The country's banks mounted a massive press campaign to try to squelch this revolutionary idea. Miraculously, that campaign failed, and this little system saved the businesses involved at the time. A cooperative was set up among the users to keep the accounts dealing with that currency. Soon participants could also borrow from that cooperative in that currency at the remarkably low interest rate of 1% to 1.5%. All such loans need to be backed by inventory or other assets. Over time, the system grew to include up to one quarter of all the businesses of the entire country.
Sixty-five years later, an American professor performed an econometric study proving that the secret for the country's legendary economic stability was that strange little unofficial currency, circulating among businesses in parallel with the national money. That well-known economic resilience was usually credited to some mysterious and unknown national characteristic.
Whenever there was a recession, the volume of activity in this unofficial currency would expand significantly, thereby reducing the recession's impact on sales and unemployment. Whenever there was a boom, business in national currency expanded, while activity in the unofficial currency proportionally dropped back again. The surprising implication of this study is that the spontaneous counter-cyclical behavior of this little "unorthodox" system actually helped the central bank of the country in its efforts to stabilize the economy.
This is not a fairy tale, but the true story of the WIR system. The country is Switzerland and the sixteen founders met in Zurich in the year 1934. And the system is still operating today. The annual volume of business in the WIR currency is now about $2 billion per year. The American professor is James Stodder from Rensselaer University. His remarkable quantitative study 36 uses more than 60 years of high quality data to prove the points made in this story. The WIR system is also now accepting deposits and making loans in Swiss Francs as well as in WIR.37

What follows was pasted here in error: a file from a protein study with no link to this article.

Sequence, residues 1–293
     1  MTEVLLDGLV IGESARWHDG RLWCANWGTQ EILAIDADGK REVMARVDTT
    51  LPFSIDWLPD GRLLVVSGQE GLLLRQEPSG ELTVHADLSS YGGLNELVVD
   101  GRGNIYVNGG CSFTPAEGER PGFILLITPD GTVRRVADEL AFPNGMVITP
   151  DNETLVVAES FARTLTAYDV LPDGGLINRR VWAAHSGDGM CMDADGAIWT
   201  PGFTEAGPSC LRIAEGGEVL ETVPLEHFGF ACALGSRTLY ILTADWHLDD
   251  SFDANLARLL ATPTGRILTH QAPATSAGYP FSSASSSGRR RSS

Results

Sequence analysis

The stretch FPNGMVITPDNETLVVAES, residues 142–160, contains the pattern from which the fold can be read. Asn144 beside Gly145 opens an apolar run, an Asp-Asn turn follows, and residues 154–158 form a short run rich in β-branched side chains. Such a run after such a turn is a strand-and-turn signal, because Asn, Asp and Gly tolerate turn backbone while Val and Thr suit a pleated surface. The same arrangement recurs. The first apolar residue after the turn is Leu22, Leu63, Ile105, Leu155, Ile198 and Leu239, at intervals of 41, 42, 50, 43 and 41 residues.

We propose that businesses take the initiative of creating such Business-to-Business (B2B) systems at whatever scale makes most sense to them. The big advantage, compared to what happened in Switzerland, is that with what is available with today's information technology tools, setting up such a system can be achieved in a fraction of the time and costs of what it took in the 1930s. And timeliness is going to be critical if one wants to avoid the social and economic ravages that will be unleashed by the unraveling of complex business supply chains. In the U.S., a nation-wide system would be justified. In Europe, ideally, such a system should be designed to be able to operate at the Euro zone level. Otherwise, we are going to see a lot of the economic gains achieved by European integration go to naught over the next decade.
There is one more thing that the businesses that get involved in such systems should consider doing: lobbying their respective governments to have them accept their B2B currency temporarily, in partial payment of business taxes. This could apply only temporarily, i.e., for the period during which the banking system will not be in a position to fulfill its traditional role of financing the real economy to the extent that is necessary. Partial payment of taxes -- it could be as little as 10 or 20% -- would be the most effective incentive that governments could provide to accelerate the widespread acceptance of this currency. The lobbyists have a simple but powerful argument: governments have just spent trillions of taxpayers money to save the banking system, in the hope that this would avoid spreading the rot to other businesses. The strategy proposed here doesn't cost the government any money, will actually increase tax revenue, and is the best systemic way to avoid spreading the rot anyway, regardless of governments' efforts to help the banks.